LTC(P) Dennis Sarmiento, MD is currently assigned as the Chief, Behavioral Health Division, at the Army Office of The Surgeon General, and is the Army Director of Psychological Health.  LTC Sarmiento is a graduate of the United States Military Academy and after completing medical training at the Uniformed Services University of the Health Sciences he completed a combined psychiatry and internal medicine residency at the Walter Reed Army Medical Center.

Andra Tharp, PhD is the Senior Prevention Advisor in the Department of Defense Sexual Assault Prevention and Response Office. She has over 70 scholarly publications in the areas of trauma and violence and has received many awards for her work in violence prevention. Dr. Tharp holds a PhD in clinical psychology from the University of Oregon and completed a Special Fellowship in Advanced Psychiatry & Psychology at the Michael E. DeBakey VA Medical Center.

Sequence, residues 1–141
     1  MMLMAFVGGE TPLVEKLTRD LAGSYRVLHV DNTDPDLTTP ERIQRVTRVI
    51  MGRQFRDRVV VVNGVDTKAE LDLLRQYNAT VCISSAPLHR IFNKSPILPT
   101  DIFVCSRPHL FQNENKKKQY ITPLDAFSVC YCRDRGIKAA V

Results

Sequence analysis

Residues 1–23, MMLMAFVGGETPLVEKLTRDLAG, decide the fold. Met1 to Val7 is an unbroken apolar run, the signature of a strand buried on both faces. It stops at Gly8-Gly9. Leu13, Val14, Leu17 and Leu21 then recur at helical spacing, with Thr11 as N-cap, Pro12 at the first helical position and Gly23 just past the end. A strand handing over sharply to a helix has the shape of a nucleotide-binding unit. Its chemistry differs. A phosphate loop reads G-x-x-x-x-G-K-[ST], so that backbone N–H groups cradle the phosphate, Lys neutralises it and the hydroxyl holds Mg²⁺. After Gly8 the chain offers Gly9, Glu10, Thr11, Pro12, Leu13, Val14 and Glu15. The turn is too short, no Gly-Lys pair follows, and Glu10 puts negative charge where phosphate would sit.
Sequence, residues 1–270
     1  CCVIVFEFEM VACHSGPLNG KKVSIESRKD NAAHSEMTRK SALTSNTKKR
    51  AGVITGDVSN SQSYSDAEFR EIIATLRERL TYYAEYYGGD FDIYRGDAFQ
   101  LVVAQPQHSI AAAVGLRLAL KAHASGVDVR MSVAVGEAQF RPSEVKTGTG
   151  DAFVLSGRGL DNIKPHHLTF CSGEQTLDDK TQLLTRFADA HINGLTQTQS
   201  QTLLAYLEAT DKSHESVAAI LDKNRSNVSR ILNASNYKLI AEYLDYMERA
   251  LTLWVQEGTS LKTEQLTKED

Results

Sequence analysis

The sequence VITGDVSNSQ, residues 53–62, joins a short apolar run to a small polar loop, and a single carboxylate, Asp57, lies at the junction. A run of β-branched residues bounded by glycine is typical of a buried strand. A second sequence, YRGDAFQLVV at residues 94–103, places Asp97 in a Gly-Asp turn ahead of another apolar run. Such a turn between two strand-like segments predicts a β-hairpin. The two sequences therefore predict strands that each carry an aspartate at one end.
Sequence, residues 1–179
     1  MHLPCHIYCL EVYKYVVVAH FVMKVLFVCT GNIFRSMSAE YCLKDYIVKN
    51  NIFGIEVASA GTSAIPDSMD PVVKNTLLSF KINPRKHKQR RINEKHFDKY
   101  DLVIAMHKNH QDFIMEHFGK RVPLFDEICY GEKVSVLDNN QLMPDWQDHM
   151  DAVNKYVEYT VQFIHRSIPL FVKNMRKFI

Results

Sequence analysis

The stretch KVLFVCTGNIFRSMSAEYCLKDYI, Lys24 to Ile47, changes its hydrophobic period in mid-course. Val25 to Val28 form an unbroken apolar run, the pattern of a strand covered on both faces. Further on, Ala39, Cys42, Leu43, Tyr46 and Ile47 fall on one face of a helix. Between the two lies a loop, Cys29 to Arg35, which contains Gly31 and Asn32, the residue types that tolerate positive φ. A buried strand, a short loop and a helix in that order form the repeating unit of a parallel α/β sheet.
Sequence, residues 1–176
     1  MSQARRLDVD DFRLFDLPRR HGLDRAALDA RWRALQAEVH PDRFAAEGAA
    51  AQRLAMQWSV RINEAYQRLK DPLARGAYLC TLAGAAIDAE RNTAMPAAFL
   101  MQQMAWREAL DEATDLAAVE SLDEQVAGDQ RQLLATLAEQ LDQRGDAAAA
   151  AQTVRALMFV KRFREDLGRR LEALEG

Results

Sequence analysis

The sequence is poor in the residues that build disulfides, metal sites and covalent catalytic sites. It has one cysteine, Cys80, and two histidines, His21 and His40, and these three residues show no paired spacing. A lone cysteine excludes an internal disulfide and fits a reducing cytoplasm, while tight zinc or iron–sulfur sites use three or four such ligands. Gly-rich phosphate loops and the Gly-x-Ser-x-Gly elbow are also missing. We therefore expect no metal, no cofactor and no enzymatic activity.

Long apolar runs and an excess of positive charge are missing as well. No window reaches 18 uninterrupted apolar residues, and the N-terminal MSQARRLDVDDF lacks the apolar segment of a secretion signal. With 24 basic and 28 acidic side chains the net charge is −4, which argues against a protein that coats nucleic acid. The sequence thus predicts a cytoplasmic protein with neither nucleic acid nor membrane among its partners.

Adam Walsh, PhD currently serves as the Director of Research and Program Evaluation for the Department of Defense Suicide Prevention Office (DSPO). He has expertise developing suicide prevention interventions and has published numerous articles on suicide and suicide prevention and has considerable clinical experience with individuals and families affected by suicide. Dr. Walsh is a licensed clinical social worker with a PhD from the University of North Carolina; he completed a postdoctoral fellowship at George Mason University.

Attendance Profile

  • MSRC PIs
  • Psychological Health Center of Excellence
  • Army Public Health Center
  • Army STARRS
  • Connected Health
  • NIMH
  • Behavioral Health Community
  • Defense Suicide Prevention Office
  • Headquarters Marine Corps
  • Center for Deployment Psychology
  • Uniformed Services University
  • VA QUERI, both suicide prevention MIRECCs
  • Cohen Veteran Network
  • American Foundation for Suicide Prevention
  • Other suicide prevention researchers